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By James Piper, P.E.
January 2014 -
Building Automation Article Use Policy
Building control systems have long been promoted as the end-all, be-all for building occupant comfort and energy conservation. But when facility managers compare their building’s performance to that of other facilities, they often find that their facility’s energy use does not match up to expectations, or that the number of complaints from occupants is higher than acceptable.
In some cases, particularly if controls have been recently upgraded, the facility manager’s expectations of the benefits may have been too high. Either they were oversold on the system’s potential, or they simply did not understand what the system could do. But it’s more likely that the system has the advertised capabilities, yet is not making full use of those capabilities due to improper installation or operation.
There is little question about the benefits of a well designed and installed building automation system. Systems can reduce energy use by 20 to 30 percent or more. They allow operators and managers to monitor operations anywhere. Because they constantly monitor system operation, they can help quickly identify problems and diagnose complex operational issues. Still, many systems fall short of expectations. These steps can ensure the BAS performs up to its potential.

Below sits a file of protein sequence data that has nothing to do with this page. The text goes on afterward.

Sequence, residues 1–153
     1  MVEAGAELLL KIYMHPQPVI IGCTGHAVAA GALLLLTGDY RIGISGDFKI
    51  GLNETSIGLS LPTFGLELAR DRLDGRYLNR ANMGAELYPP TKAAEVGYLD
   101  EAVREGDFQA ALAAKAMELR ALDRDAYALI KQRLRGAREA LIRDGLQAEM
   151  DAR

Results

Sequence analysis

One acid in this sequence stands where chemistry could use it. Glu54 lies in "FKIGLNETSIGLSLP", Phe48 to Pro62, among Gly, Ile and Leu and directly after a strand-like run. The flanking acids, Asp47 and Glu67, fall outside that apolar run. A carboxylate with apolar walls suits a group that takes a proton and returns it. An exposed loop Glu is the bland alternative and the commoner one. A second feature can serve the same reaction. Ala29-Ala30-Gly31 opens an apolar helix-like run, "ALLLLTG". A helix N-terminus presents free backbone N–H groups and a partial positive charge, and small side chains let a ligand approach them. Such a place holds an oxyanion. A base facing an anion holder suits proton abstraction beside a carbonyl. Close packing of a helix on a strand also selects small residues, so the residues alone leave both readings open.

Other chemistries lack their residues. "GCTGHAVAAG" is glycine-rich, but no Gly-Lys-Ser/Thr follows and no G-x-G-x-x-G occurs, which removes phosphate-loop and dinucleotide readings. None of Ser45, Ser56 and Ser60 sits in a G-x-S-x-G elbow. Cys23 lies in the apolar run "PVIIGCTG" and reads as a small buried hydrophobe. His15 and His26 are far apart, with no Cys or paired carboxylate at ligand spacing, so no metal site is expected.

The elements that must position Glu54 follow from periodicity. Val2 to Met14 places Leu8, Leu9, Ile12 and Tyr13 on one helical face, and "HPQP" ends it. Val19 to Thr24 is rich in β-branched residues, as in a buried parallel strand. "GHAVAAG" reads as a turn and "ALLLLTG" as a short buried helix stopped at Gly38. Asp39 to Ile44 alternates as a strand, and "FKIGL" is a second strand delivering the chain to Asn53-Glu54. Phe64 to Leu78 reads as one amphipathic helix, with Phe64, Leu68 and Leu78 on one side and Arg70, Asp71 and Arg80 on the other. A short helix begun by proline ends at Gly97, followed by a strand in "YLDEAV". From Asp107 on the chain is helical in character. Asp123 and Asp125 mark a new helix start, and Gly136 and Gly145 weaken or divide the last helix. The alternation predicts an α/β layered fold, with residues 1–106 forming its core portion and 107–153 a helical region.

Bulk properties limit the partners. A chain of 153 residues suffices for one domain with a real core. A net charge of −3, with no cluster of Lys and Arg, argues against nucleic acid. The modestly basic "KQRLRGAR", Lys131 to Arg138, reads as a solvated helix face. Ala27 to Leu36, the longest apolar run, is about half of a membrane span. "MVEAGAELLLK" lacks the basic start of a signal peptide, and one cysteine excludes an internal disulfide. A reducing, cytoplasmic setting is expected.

1. Ensure the BAS is properly installed. Some issues can be traced back to the original installation. How well a particular system performs depends to a great extent on who installs the system. Different issues arise from software that does not properly function.
Comprehensive system commissioning before the BAS is formally accepted will identify many of these installation issues. Unfortunately, some facilities forgo commissioning because of the cost and time involved. What this means is that errors that are the result of out-of-calibration sensors or improperly wired control loops will go undetected and uncorrected.
For new systems, it is important to verify the installation of all sensors and control devices, not only for their proper operation and readings, but also for their correct physical placement. All devices must have been installed and wired correctly. All devices must be cycled to confirm that they operate as intended. Skipping the commissioning process might save money in the short term, but the resulting operational issues that will go undetected will more than likely offset any initial savings.
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